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'Overload' Will Take Georgia Anne Muldrow From L.A.'s Underground To The Mainstream


Since her 2006 debut, the Los Angeles-based singer, composer and multi-instrumentalist Georgia Anne Muldrow has released 17 albums, also a stack of mixtapes. She's collaborated with Madlib, Erykah Badu and Blood Orange, among others. Still, Muldrow remains mostly unknown outside LA's thriving progressive music underground. Reviewer Tom Moon says that should change as word spreads about her latest, which is called "Overload."


GEORGIA ANNE MULDROW: (Singing) Transforming, changing higher, spiraling higher. We're all meant to be transforming, changing higher, spiraling higher, changing.

TOM MOON, BYLINE: Georgia Anne Muldrow's champions talk about her as an artist whose musical instincts are matched by brazen, free-range curiosity. Georgia Anne Muldrow's discography includes plush R&B jams and records that conjure the unruly spirit of free jazz and hip-hop riddled with apocalyptic overtones. Her new album distills a decade's worth of those experiments into a unified sound.


MULDROW: (Singing) It ain't hard to tell this world is crazy now, crazier than it's ever been. People feel uncozy with the Internet, don't even have no real friends.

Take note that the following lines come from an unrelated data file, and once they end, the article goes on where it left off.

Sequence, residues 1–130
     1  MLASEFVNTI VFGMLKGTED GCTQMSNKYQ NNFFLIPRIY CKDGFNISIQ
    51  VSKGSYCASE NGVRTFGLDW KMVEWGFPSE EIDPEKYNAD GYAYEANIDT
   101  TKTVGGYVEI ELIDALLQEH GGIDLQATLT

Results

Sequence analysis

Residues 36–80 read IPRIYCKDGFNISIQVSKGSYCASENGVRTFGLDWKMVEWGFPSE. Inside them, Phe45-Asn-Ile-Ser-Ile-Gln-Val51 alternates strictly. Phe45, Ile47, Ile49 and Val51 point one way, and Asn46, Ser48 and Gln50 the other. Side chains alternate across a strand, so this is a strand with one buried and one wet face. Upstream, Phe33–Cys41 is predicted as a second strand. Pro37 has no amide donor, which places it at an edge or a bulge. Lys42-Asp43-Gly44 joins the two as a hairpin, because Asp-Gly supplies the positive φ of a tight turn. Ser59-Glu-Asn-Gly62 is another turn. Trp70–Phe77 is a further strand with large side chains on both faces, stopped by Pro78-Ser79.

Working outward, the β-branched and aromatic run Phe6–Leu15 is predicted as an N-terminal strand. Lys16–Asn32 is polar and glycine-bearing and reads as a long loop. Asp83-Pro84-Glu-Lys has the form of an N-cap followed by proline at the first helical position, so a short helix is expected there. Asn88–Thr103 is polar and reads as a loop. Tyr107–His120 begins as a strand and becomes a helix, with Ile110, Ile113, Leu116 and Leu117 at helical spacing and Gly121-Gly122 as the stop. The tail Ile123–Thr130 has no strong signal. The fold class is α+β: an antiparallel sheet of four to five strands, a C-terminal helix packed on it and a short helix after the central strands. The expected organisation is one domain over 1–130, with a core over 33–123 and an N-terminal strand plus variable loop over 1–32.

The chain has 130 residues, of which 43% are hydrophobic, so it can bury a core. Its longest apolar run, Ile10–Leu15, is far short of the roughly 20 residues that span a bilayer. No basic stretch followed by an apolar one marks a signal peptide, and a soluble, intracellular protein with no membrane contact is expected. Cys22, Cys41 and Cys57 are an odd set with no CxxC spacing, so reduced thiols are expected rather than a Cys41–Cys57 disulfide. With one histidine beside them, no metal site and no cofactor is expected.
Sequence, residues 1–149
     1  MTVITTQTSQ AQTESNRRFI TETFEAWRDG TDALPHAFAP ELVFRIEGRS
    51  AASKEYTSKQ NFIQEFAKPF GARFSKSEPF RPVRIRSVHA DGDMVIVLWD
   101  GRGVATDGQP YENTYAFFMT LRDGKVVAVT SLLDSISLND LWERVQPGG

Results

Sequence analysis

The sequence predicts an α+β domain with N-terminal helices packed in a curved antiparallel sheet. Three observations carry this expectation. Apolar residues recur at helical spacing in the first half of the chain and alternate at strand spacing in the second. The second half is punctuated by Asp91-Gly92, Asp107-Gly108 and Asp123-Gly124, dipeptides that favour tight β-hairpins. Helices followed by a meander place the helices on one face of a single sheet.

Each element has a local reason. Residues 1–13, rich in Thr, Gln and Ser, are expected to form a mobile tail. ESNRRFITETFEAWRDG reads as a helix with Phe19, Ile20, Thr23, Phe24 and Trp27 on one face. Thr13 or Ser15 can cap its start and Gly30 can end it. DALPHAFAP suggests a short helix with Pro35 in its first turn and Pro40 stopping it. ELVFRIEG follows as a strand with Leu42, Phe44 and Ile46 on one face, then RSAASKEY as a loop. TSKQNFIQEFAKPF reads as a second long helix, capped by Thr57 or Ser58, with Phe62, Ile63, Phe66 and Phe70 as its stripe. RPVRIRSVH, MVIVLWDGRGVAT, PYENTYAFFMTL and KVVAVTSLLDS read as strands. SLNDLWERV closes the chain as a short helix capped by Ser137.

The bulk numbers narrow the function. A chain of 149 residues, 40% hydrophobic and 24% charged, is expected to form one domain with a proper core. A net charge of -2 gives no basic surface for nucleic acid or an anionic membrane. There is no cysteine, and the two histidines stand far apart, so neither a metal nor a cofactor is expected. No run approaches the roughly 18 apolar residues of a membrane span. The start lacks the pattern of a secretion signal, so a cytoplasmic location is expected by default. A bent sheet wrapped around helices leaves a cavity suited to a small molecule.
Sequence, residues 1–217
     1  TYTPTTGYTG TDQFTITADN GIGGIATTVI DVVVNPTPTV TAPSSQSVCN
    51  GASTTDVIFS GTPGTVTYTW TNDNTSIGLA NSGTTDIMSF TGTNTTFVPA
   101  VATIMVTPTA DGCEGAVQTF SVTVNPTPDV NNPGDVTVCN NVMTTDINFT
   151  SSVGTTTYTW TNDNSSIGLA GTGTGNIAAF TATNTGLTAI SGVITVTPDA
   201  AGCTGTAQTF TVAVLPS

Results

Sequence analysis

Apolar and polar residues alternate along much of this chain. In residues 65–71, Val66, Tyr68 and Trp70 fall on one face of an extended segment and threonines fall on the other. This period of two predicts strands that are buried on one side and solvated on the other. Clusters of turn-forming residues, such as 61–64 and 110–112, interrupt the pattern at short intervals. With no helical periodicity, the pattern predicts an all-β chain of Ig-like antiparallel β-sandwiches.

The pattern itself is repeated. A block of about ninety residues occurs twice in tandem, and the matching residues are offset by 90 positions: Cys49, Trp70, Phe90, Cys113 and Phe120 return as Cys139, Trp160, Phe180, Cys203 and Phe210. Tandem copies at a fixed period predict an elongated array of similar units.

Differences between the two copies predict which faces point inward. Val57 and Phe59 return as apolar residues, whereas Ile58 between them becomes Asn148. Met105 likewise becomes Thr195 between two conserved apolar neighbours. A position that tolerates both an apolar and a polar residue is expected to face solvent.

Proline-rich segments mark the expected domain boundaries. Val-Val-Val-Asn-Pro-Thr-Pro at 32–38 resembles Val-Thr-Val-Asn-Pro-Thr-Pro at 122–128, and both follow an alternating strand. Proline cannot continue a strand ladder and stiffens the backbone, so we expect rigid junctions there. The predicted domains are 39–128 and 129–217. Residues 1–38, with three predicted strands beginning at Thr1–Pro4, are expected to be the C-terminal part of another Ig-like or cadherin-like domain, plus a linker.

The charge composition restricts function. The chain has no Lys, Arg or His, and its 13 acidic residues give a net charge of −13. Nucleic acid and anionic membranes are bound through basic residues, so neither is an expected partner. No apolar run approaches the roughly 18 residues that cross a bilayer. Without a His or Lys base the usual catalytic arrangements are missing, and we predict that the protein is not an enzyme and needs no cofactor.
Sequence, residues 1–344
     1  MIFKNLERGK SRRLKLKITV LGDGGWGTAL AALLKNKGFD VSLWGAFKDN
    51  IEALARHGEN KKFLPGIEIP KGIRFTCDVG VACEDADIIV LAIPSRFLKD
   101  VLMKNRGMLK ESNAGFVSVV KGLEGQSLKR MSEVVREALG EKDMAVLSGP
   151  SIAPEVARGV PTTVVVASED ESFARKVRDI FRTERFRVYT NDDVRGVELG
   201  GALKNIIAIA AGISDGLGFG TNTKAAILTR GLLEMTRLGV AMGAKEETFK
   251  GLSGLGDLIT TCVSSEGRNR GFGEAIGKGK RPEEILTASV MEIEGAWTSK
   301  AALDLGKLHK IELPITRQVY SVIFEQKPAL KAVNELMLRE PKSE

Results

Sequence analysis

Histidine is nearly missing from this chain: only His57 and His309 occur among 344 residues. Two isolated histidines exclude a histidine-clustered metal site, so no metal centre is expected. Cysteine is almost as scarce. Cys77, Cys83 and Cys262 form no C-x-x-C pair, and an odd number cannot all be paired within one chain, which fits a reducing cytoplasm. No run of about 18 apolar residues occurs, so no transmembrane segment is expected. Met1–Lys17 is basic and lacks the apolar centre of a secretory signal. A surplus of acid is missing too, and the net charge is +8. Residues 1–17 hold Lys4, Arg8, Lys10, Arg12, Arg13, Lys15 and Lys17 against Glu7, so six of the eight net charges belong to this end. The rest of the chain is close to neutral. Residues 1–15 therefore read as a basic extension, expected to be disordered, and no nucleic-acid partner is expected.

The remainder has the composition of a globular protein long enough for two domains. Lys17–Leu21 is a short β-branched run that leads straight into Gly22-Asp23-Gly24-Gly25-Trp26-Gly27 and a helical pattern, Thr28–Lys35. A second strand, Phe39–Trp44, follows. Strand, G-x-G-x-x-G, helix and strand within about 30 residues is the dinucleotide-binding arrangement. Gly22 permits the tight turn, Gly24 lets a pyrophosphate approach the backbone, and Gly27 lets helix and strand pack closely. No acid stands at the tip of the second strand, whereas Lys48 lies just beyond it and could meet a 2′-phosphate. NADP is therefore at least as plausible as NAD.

MOON: With "Overload," Muldrow smooths out some of the jagged intensity of her previous works, making room for sweet, ingratiating, airborne melodies like this.


MULDROW: (Singing) I put my faith in you 'cause no one can do the things that you do for me. In overload, in overdrive, I'm overwhelmed in world inside. I built this lifetime dressed up in you. Baby, please believe me. You know, you got it easy.

MOON: Muldrow's original songs look forward and backward at once. They reflect her upbringing. Both of her parents were involved in jazz as recording artists and performers and her mother leads a 200-member choir in Los Angeles. Throughout "Overload," Muldrow evokes the positive vibrations that swirled around jazz in the late 1960s. Her verses celebrate devotion, gratitude, the importance of taking care of family. On this lament, she wonders whether compassion can change the cycle of violence in African-American communities.


MULDROW: (Singing) We play nice while they're stacking up kills. How much we gotta grow before we can learn how to defend ourselves? How much we gotta know that we can't depend on no one else. We don't even know no more.

MOON: There have been scattered flashes of musical brilliance on everything Georgia Anne Muldrow has released. This album is more consistently joyful, even accessible. With these songs, Muldrow taps the progressive spirit of an earlier time and uses it to confront the challenges of our coarse, profoundly overloaded present moment.


MULDROW: (Singing) The melody you sing to me, simple and sweet.

KELLY: The latest from Georgia Anne Muldrow is called "Overload." Our reviewer is Tom Moon.


MULDROW: (Singing) Yeah, yeah. Transcript provided by NPR, Copyright NPR.

Tom Moon has been writing about pop, rock, jazz, blues, hip-hop and the music of the world since 1983.

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